Whats the difference between a cocoa and carbon app?

Discussion in 'Mac Basics and Help' started by hdsalinas, Jun 4, 2008.

  1. hdsalinas macrumors 6502

    hdsalinas

    Joined:
    Aug 28, 2006
    Location:
    San Pedro Sula, Honduras
    #1
    With all the speculation about 10.6 dropping support for carbon apps, I wonder, what are the diferences?

    From an end user non progamer point of view what are the main diferrences between these to apps (user interface).

    What are some examples apps?
     
  2. robbieduncan Moderator emeritus

    robbieduncan

    Joined:
    Jul 24, 2002
    Location:
    London
    #2
    There are no visible differences at a UI level. Or at least there don't have to be. Many major third-party apps including all of the Adobe Creative Suite applications and Microsoft Office are Carbon applications. Most new-ish Apple applications and many smaller third-party applications are Cocoa.

    As an end-user you should not be concerned at all. Carbon and Cocoa are simply 2 different ways for programmers to get the same out. Some will like Carbon, the rest of us know we're right and use Cocoa :p
     
  3. NAG macrumors 68030

    NAG

    Joined:
    Aug 6, 2003
    Location:
    /usr/local/apps/nag
    #3
    Cocoa gets a few built in things easier like the Services menu and the spell checker as well as the special character pallete, I believe.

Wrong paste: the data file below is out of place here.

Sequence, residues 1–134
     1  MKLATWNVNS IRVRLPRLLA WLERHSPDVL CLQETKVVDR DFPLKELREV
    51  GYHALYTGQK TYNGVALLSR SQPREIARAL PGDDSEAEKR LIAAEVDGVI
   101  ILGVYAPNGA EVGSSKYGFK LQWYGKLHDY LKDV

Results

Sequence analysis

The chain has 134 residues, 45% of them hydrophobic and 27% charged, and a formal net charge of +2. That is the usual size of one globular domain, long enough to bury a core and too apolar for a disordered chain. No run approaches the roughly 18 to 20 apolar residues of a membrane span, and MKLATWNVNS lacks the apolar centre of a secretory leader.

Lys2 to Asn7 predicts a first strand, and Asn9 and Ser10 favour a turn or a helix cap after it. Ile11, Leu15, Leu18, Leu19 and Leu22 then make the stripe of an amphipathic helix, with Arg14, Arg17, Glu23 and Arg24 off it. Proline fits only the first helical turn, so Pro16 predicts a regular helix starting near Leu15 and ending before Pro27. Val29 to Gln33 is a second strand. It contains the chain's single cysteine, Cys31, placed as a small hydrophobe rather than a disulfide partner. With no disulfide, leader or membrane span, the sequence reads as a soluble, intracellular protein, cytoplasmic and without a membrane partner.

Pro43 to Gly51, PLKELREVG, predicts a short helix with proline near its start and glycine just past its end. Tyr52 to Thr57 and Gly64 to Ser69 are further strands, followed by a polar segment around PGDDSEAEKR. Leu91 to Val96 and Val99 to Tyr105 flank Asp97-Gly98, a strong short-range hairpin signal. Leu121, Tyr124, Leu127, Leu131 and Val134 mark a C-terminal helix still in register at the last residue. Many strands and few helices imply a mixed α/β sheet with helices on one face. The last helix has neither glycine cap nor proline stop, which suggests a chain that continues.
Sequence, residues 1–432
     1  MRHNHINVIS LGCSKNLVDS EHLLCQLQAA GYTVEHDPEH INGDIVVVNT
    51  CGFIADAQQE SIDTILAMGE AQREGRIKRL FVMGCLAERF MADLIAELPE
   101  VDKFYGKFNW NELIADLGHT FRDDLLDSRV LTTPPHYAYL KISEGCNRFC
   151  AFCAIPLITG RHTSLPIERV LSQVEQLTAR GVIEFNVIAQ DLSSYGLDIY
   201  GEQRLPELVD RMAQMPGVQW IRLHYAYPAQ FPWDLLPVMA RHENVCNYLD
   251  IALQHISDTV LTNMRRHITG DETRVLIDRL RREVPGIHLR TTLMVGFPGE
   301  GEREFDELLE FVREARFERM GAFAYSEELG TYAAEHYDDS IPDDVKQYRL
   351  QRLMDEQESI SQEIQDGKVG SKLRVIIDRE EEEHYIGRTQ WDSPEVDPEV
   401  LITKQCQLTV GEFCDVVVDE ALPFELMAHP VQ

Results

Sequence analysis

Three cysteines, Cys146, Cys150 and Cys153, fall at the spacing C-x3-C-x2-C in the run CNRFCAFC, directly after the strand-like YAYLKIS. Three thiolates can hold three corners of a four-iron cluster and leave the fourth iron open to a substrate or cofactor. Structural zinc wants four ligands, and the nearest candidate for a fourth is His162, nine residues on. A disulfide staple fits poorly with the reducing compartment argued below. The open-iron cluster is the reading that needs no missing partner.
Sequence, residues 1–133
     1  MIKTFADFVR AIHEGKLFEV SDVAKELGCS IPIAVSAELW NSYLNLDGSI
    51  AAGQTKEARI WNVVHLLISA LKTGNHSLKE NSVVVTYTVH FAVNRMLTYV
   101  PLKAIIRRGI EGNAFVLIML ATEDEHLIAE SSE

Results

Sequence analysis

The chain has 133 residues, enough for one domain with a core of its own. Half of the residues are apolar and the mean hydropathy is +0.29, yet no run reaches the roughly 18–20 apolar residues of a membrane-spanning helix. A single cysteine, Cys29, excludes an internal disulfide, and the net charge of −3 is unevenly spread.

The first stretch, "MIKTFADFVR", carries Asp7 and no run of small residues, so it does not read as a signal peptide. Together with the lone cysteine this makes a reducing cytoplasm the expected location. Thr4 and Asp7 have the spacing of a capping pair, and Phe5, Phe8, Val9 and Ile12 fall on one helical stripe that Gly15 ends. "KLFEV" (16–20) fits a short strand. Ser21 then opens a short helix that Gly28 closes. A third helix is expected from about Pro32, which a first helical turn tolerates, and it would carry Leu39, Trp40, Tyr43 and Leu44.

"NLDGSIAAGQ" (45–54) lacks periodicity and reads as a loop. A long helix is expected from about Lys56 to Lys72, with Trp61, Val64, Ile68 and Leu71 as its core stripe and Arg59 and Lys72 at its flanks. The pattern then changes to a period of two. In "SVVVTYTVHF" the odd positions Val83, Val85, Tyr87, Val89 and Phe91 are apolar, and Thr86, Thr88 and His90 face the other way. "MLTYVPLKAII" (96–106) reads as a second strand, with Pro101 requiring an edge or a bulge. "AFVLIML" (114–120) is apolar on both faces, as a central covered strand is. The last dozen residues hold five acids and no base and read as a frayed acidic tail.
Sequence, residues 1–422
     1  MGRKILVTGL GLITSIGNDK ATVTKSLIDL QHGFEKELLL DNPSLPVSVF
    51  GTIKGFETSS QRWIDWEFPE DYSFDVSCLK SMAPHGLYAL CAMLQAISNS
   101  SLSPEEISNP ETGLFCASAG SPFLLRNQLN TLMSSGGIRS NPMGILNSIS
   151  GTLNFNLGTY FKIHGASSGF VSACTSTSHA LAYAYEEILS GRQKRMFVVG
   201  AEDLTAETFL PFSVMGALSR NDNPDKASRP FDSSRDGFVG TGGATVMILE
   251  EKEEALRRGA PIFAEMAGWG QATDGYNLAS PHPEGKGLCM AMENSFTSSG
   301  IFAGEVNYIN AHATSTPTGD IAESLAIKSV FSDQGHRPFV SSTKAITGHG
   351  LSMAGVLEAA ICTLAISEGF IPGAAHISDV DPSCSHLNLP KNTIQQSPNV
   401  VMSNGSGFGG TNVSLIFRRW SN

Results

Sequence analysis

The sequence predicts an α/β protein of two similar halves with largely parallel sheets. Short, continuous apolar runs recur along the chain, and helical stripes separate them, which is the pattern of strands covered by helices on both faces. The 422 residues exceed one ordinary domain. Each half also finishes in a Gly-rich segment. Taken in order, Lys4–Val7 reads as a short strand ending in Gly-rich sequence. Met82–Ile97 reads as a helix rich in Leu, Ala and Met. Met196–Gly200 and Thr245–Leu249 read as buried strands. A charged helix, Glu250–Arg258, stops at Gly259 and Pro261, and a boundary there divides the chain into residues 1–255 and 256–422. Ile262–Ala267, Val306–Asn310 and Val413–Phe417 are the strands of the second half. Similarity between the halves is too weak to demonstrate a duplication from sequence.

Basically the end user has no real need to care at this point in time.
     
  4. agentphish macrumors 65816

    agentphish

    Joined:
    Sep 7, 2004
    #4
    This will mean another "complete rewrite" of Adobe's Creative Suite, and major delays in release and having things work properly with Adobe.
     
  5. NAG macrumors 68030

    NAG

    Joined:
    Aug 6, 2003
    Location:
    /usr/local/apps/nag
    #5
    That is assuming 10.6 drops carbon completely. We have no clue what is really going to happen here so spreading FUD is counter productive.
     
  6. tersono macrumors 68000

    tersono

    Joined:
    Jan 18, 2005
    Location:
    UK
    #6
    This is highly unlikely as there are a number of industry-standard applications that require the carbon API (Adobe, Quark etc). I suspect that Apple are aiming simply to re-write the remaining parts of OS X that use carbon to use the cocoa API instead.

    Don't get me wrong - carbon IS going away, but it's a little too soon - Apple would be shooting themselves in the foot.
     

Share This Page